Author: Timothy F. Slaper

2017 regional economic development; economic performance; regional analysis; big data; multi-disciplinary analysis

3. New methods

Finally, new methods is the third element of the RED research. The current state of the art for regional economic development research is an economic analytic core, with other disciplines added along the way. In the field of economics, there has been an increasing interest in agent-based modeling, that is, describing economic actors as agents operating in an environment who respond to information, incentives and constraints. The idea is to see how a change in policy or some other intervention would change outcomes. For example, if the student loan program suddenly disappeared, what would happen to the students, universities and the economy?

The RED research teams built models to test out how changes in a region (or some other higher-level policy environment) will affect the economy using this agent-based approach. These models applied a complex adaptive system (CAS) framework. While probably overused as a term, we’ll use the concept of an ecosystem as a type of CAS. The ecosystem has many smaller systems and subsystems that interrelate and are mutually dependent. There is recirculation of biomass from waste to food to waste. They have certain physical endowments and are not closed. They take in energy and exchange atmosphere from the outside.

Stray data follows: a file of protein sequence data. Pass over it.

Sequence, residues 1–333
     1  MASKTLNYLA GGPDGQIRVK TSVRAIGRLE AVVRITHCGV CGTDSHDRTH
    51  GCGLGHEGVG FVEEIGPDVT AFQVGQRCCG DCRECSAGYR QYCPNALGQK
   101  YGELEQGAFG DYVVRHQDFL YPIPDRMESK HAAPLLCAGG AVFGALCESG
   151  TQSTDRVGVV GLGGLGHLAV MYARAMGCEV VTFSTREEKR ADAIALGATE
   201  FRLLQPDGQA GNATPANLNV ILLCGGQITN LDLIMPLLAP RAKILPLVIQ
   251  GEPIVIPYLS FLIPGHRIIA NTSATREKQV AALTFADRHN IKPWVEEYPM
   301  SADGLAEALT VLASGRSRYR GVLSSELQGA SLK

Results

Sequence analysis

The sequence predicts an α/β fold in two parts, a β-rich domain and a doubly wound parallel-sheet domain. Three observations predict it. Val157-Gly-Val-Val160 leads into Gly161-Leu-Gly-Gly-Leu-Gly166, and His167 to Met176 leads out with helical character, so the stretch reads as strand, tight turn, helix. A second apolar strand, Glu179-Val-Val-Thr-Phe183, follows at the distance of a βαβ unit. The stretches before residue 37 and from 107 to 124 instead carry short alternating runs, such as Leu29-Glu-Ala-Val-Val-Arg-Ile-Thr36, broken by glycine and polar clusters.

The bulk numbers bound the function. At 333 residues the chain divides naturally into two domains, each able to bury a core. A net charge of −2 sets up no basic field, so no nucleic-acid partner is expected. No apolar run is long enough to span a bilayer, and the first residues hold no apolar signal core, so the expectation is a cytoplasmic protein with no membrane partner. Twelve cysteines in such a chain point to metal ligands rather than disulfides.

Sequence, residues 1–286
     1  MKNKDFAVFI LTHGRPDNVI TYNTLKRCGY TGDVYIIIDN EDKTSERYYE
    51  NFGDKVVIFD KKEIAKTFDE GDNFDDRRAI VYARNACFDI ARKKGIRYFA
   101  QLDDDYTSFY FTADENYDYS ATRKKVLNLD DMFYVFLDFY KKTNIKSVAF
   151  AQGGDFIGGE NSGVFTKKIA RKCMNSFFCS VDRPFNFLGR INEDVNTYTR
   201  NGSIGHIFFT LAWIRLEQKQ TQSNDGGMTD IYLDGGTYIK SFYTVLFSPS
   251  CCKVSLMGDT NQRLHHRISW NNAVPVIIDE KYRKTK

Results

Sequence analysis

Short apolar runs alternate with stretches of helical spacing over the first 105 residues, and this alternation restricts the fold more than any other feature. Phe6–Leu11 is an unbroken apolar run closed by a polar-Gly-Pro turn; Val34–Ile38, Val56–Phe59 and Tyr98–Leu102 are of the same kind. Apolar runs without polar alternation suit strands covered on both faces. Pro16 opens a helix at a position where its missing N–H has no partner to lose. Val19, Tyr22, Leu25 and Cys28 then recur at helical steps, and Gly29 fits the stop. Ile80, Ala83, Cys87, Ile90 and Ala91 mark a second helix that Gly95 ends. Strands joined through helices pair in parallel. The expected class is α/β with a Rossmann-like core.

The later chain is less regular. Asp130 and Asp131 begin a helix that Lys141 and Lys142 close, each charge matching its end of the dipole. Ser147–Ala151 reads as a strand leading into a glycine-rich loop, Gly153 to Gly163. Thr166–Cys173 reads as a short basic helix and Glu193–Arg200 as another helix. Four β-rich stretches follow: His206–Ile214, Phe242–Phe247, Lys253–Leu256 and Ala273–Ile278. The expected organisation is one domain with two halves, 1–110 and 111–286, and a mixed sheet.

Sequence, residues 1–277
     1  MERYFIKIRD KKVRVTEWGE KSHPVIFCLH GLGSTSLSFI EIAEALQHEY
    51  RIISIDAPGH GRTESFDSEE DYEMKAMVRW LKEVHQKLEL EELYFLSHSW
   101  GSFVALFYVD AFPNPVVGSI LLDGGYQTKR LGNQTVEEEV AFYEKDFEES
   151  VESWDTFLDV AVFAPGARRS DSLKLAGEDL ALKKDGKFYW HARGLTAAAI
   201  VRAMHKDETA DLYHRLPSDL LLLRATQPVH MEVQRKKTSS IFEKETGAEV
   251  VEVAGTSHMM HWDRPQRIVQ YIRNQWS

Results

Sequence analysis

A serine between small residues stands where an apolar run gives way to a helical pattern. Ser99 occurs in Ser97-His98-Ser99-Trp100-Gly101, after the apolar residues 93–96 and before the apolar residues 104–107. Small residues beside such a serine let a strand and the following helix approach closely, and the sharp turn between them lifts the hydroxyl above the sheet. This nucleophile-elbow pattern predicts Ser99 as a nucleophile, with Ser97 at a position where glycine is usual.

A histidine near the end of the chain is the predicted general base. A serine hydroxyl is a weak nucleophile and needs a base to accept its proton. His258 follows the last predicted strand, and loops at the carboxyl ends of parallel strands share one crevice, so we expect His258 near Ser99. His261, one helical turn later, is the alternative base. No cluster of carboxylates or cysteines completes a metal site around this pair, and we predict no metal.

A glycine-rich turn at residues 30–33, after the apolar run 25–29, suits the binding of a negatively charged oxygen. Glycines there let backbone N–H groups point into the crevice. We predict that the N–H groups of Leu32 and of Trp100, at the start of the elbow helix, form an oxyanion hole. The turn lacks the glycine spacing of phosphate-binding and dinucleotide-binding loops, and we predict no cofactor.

Regional economies are not unlike those ecosystems and these new models help answer questions like: What happens when the electrical grid goes to 50 percent distribution for three months? What happens when a large employer closes operations? How does the region rewire? We are not saying that these are easy and quick models to build or easy questions to answer. The state of the art of CAS and linked data ecosystems is sufficiently developed that we can begin the journey to build models that are tailored to a specific region and that can provide relevant policy responses to advance economic development and regional resilience.